They met in the winter of 1967, shortly before Ali’s heavily anticipated match with Ernie Terrell, and made an unlikely pair. He was a streetwise athlete who liked to turn a phrase, especially against his opponents, and she was the elderly queen mother of American letters, a primly erudite figure with a penchant for lace collars and tricorn hats.
But it was precisely because they were so different that writer and editor George Plimpton decided to bring Ali and Moore together. Plimpton created a lively cottage industry by exploring the boundary between literature and sports, arranging to perform brief stints in professional football, baseball, and hockey games, then writing wryly about his experiences in such well-received chronicles as Paper Lion and Open Net. His first-person accounts, coined “participatory journalism,” played on the contrast between Plimpton’s patrician sensibility and the rough-and-tumble world of the locker room.
Plimpton apparently hoped for an equally comic clash of cultures when he enlisted Moore in a project. He would take her to various sporting events, observing her reactions and documenting the result. As the plan went, she would also write her own take on the outings, the collaboration forming a book. “Alas, the project was never completed,” Plimpton later lamented. But, in the meantime, the pair embarked on a couple of excursions—to a World Series game and a boxing match—that provided fodder for two Plimpton essays.
Moore’s meeting with Ali at a Manhattan restaurant was supposed to be part of the shtick, and as Plimpton implies between the lines of his account of the get-together, much of the afternoon unfolded as a publicity gimmick. The flamboyant Ali arrived with no apparent idea of who Moore was. But, ever the self-promoter, he warmed to the headline possibilities after learning of Moore’s stature as a poet, suggesting that they cook something up for the Associated Press.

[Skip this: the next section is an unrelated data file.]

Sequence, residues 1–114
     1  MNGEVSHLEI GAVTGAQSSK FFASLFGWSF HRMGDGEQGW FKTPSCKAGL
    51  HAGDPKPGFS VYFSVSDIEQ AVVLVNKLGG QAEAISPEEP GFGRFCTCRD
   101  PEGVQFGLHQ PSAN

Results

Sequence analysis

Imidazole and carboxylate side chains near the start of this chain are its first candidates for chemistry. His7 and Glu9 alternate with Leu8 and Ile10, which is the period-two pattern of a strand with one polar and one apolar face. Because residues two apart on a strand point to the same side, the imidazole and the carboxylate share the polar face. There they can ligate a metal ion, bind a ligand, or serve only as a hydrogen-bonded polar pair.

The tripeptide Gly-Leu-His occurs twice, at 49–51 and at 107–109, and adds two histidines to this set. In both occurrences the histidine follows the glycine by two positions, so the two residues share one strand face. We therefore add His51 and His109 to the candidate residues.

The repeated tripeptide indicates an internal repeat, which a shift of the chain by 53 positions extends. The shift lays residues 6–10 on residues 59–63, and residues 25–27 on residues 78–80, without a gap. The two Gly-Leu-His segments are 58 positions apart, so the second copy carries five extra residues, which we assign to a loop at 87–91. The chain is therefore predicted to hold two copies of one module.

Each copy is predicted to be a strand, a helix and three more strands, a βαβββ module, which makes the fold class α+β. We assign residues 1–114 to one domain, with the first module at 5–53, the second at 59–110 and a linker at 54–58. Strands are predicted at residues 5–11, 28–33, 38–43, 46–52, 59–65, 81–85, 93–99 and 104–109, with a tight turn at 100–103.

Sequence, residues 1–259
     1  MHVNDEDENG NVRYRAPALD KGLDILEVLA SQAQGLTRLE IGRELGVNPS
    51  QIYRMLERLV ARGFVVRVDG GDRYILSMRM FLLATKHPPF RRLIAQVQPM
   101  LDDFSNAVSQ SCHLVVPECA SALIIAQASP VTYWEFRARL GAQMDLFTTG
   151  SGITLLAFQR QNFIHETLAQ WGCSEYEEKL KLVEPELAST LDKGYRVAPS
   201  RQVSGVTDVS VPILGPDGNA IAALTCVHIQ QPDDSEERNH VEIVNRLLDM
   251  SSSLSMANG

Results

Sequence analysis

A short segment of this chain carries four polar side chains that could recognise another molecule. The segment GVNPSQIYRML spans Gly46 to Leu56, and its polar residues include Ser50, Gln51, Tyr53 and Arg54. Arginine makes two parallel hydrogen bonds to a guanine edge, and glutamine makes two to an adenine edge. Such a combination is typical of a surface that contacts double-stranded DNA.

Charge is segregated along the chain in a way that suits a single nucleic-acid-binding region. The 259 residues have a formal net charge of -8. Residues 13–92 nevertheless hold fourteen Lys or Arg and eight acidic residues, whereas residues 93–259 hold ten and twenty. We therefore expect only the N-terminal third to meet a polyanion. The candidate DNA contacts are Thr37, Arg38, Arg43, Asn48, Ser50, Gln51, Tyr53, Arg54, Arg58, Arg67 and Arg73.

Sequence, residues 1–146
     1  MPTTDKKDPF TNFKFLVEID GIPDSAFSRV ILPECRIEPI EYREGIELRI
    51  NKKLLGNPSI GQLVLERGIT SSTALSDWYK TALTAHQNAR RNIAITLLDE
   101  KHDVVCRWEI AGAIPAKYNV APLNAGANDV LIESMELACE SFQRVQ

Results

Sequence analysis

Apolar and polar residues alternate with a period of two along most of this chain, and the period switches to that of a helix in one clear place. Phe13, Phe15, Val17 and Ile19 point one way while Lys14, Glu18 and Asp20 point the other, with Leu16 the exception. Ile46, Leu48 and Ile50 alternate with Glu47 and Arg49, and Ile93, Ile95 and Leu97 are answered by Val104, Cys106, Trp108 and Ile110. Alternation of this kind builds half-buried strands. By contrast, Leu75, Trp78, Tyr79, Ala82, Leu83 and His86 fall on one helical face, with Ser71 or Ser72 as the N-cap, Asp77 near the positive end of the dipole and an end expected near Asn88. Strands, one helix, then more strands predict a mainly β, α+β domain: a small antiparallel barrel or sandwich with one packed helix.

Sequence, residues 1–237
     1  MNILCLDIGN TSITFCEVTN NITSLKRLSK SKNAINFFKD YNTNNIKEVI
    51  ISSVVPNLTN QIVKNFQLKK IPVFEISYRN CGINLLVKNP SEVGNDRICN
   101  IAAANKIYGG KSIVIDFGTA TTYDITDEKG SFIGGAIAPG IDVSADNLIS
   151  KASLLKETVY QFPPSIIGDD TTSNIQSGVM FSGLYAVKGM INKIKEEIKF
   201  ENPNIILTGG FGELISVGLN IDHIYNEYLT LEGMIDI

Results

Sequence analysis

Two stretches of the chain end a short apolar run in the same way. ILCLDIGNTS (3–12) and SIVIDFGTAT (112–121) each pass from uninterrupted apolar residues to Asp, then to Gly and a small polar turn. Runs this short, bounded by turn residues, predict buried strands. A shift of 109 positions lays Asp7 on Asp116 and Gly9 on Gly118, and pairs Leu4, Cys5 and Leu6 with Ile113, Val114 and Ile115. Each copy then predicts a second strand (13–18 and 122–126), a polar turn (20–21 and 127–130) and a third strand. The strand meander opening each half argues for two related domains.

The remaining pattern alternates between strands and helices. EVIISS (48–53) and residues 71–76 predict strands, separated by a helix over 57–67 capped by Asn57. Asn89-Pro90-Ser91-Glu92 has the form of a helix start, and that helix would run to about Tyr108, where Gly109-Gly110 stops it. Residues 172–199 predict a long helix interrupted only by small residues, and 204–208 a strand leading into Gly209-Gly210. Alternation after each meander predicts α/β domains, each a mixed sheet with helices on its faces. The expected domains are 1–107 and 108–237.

Here’s how Plimpton describes what happened next: “He announced that if she was the greatest poetess in the country, the two of them should produce something together—‘I am a poet, too,’ he said—a sonnet, it was to be, with each of them doing alternate lines. Miss Moore nodded vaguely. Ali was very much the more decisive of the pair, picking not only the form but also the topic: ‘Mrs. Moore and I are going to write a sonnet about my upcoming fight in Houston with Ernie Terrell,’ he proclaimed to the table. ‘Mrs. Moore and I will show the world with this great poem who is who and what is what and who is going to win.’”
Ali was, indeed, a poet of sorts, using clever memorable rhymes to taunt his rivals in the ring. “Henry, this is no jive. The fight will end in five,” he said of his 1963 match with boxer Henry Cooper. “I have wrestled with a alligator. I done tussled with a whale. I done handcuffed lightning, throwed thunder in jail,” he would later boast of his prospective 1974 match with George Foreman.
While Ali’s approach to poetry sounded intuitive, Moore was, as the professional wordsmith, more formal and deliberative, crafting jeweled observations on clocks and steeplejacks, a china swan and a paper nautilus. When, at Ali’s urging, the pair worked together on a poem, the result—scribbled on the back of a restaurant menu—proved as unusual as their partnership. Moore’s chief contribution was the title. “We will call it ‘A Poem on the Annihilation of Ernie Terrell,’” she told Ali.
Moore wasn’t up to the kind of spontaneous composition Ali favored, so the boxer essentially completed the verse himself. Here’s a sample:
After we defeat Ernie Terrell
He will get nothing, nothing but hell,
Terrell was big and ugly and tall
But when he fights me he is sure to fall.
If he criticized this poem by me and Miss Moore
To prove he is not the champ she will stop him in four . . .
It’s pure doggerel, little more than a footnote in the country’s cultural history. But the poem points to what Ali and Moore shared, in spite of their obvious differences. Like Ali, Moore shrewdly cultivated her public persona—a reality at the heart of a recent Humanities profile of the celebrated poet. Although Plimpton and Ali appeared to be using Moore for an elaborate gag, the ostensibly dear, daft little lady was no doubt using them to advance her own profile.
Moore died in 1972 at age 84; Plimpton died in 2003 at 76. With Ali’s passing, the three principals in a peculiar meeting of a poet, a literary journalist, and a boxer are all gone now.
It was a meeting that Moore eagerly embraced. When asked by Plimpton if she’d like to connect with Ali, she didn’t hesitate. “I do not see any reason,” she told Plimpton, “why I should not meet someone who assures everyone ‘I am the greatest’ and who is a poet nonetheless.”